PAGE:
HIST 1111 – Introduction to World Religions & Judaism

HIST 1111 – Introduction to World Religions & Judaism


This is Western Civilization. My name is Dr. Long; this video is entitled
introduction to world religion and Judaism. This will be the first video in a series of
five videos on world religions. The purpose of these videos is to give a historical
overview of the major world religions as well as to describe their basic beliefs. Now scholars take a wide range of views on
the origin and development of world religions. However, this video will – more or less
– try to approach each major world religion the way they would see themselves, a sort
of traditional view that each world religion would see their own beliefs and their own
historical development. Now it is important to understand what world
religions believe, as they have played an important role in shaping history and still
play a key role in many societies today. By definition, world religions are religions
that are widespread and have had a great impact on human history. In societies in which they are common, world
religions have influenced everything from holidays to diets to views on economics; morality;
politics; marriage and sexuality; and views on the afterlife. World religions also tend to make universal
truth claims. By their nature, world religions are exclusive,
with each one claiming it is the one true religion and viewing other religions as – at
least to one degree or the other – defective or wrong. World religions have attracted many adherents
because they provide people with answers to the basic questions about the human condition. Just to give you a few examples of some major
questions that world religions tend to address – First, cosmic origins; where did this
world come from? Second, what is the purpose of life? Also, what is right and wrong? How do I live this life? Moreover, another question is – how do I
deal with the wrong things that I’ve done, and maybe the guilt that I have in my life? And another one – why is there suffering
and evil in the world, and how do I deal with it? And finally, what happens when I die? And these are just a few questions about the
human condition that world religions tend to approach and give answers to – and obviously
each world religion gives different answers to these sorts of questions. It is worth noting that these are the sort
of questions that have long preoccupied human beings throughout history and do today – and
these are why world religions are so important – and this is also what makes humans different
than the animals. Animals seem unconcerned about the sort of
questions that I just went through – for example, your cat probably hasn’t lost any
sleep wondering about the purpose of life or the question of evil. But these are the kind of questions, again,
that greatly concern human beings. So this has been a little introduction to
world religions, I now want to turn with the rest of this video to talk about one of the
oldest world religions – namely Judaism. Judaism is a monotheistic religion, the term
monotheism, of course, means belief in one god. Monotheism was fairly rare in the ancient
world. Most human beings in ancient civilizations
were polytheistic; they believed in multiple gods and goddesses. In the ancient world, Judaism was a religion
of the Hebrew people. The Hebrews were a Semitic people and they
lived in the Levant. Most of what we know about the Hebrews and
early Judaism comes from the Hebrew Bible, which Christians also see as scripture and
call, the Old Testament, as well as archeology. The Hebrew Bible contains many books of various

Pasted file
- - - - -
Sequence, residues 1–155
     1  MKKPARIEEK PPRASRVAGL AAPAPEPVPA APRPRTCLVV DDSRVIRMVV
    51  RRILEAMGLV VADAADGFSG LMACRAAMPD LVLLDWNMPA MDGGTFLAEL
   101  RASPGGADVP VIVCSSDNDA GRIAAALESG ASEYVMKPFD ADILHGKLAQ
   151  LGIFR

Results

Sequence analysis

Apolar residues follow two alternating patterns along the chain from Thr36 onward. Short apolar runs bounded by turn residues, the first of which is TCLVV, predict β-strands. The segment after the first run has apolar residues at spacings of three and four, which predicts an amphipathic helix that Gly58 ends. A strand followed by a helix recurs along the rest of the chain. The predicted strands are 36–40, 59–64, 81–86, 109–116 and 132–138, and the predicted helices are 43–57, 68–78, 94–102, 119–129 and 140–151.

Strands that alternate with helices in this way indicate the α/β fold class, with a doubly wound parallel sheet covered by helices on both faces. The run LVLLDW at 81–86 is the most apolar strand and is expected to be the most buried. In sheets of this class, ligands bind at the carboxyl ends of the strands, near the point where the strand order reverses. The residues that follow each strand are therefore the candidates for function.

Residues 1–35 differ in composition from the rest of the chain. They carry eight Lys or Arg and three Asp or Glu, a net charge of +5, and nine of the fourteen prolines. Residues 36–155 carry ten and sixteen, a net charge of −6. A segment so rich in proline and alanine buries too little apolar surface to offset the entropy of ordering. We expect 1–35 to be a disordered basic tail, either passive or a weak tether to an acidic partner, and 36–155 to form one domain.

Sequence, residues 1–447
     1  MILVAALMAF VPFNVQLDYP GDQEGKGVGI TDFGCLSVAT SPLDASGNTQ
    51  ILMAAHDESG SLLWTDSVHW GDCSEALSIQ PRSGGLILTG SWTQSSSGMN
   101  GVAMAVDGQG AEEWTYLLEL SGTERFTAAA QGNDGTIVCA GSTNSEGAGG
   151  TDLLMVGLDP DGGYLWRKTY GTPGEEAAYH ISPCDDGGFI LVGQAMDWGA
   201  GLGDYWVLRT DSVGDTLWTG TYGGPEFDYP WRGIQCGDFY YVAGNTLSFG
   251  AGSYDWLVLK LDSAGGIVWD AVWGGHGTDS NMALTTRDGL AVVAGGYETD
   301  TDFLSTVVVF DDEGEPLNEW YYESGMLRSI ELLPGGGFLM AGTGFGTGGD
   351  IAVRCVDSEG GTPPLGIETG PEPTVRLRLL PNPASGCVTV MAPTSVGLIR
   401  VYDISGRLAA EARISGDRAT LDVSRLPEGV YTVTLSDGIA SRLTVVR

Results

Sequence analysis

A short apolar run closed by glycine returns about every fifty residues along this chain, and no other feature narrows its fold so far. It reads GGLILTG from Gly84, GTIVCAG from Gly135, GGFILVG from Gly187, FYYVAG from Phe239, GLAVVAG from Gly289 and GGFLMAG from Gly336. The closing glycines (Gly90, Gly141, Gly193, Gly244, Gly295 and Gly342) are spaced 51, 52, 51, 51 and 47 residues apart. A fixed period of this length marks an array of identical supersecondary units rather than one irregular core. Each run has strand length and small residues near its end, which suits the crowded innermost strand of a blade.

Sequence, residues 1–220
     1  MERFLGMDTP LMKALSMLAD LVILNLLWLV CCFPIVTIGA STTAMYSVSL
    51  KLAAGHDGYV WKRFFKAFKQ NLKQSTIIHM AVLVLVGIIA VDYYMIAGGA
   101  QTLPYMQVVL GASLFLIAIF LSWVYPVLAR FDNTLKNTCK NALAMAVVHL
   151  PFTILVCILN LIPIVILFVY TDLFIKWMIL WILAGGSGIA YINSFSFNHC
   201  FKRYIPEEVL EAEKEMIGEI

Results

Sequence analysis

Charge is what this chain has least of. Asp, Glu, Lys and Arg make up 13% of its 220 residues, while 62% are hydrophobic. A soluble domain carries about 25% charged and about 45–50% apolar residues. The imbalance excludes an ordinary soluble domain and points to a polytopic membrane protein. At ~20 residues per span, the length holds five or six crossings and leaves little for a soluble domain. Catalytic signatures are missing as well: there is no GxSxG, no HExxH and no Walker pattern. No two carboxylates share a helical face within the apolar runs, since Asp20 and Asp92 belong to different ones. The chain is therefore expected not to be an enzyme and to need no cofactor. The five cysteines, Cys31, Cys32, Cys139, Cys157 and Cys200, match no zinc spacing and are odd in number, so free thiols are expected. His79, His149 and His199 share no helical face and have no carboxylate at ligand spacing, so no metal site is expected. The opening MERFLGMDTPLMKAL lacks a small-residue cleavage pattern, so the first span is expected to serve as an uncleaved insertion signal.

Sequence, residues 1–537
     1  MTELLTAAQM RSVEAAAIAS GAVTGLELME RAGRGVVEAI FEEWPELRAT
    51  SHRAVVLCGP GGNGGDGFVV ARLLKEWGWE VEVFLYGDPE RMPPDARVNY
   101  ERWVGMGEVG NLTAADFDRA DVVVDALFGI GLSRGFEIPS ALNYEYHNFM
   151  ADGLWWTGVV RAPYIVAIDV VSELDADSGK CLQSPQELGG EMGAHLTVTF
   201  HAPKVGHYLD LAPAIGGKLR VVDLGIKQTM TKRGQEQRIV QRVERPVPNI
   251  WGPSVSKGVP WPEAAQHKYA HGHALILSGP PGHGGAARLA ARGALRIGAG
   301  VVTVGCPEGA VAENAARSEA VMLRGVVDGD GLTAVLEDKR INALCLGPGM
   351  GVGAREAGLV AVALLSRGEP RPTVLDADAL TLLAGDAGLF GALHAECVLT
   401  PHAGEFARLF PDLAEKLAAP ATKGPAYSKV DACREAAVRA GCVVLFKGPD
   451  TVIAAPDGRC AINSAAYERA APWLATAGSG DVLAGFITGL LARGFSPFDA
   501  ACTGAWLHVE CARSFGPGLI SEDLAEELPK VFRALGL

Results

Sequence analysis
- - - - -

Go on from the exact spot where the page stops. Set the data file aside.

genres, books of history, books of prophecy, books that are poetry – and they were composed
over several different centuries with many different authors, and the Jews believed that
these books were inspired by God. The first five books of the Hebrew Bible are
called the Torah, and they take a particularly great importance within Judaism. The books of the Hebrew Bible, as I mentioned,
had different authors and were preserved over time in the Jewish community, handed down,
and believed to be God’s word. Jews came to believe that these books had
a transcendent purpose and were for all time in many ways. Now according to the Hebrew Bible, the history
of the Hebrew people and of the Jewish religion begins with Abraham. Abraham lived in the Mesopotamian city of
Ur, and the book of Genesis – the first book in the Torah – teaches that God called
him to leave Ur and to go to a land that God would promise him and that He would make his
descendants a great people – and the name for God that the Hebrews would use is Yahweh. So Abraham, according to the book of Genesis,
left Ur, he went to what is now Palestine. He had a son named Isaac. Isaac had a son named Jacob – and Jacob’s
children, such as Joseph, ended up moving to Egypt due to a famine. Now according to the biblical story, several
hundred years passed and the Hebrew people, coming from Abraham – they had moved to
Egypt, their numbers had grown – and according to the Hebrew Bible, they had become slaves
in Egypt, and at that point, according to the book of the Hebrew Bible, God sent a deliverer
to them and this was Moses. Moses was sent to lead them out of slavery
in Egypt to a new land, to the land that God had promised Abraham. So according to the traditional story, Moses
would lead the Hebrew people out of slavery in Egypt. He would be given the ten commandments, an
ethical code to deliver to the people, and the ten commandments are broken into two halves
– the first four deal with how to relate to God; the last six, how to relate to fellow
human beings. Moses also gave the Hebrew people an extensive
dietary and cleanliness code and together with the Ten Commandments and the belief in
one God – Yahweh – those became primary characteristics of Judaism as an early religion. Now after Moses’ death, Moses’ assistant,
Joshua, led the Hebrew people in to Canaan, where they conquered and settled – and the
Hebrew people were a farming and herding people, and at first they were ruled by a series of
judges. However, they also faced challenges from nearby
people, who threatened them militarily and this is particularly the case with a people
known as the Philistines – because of that, they came to have a series of kings that would
rule them and sought to organize their military and protect them. The first king was Saul, but according to
the Bible, Saul was not a very good king. The next king was David, who according to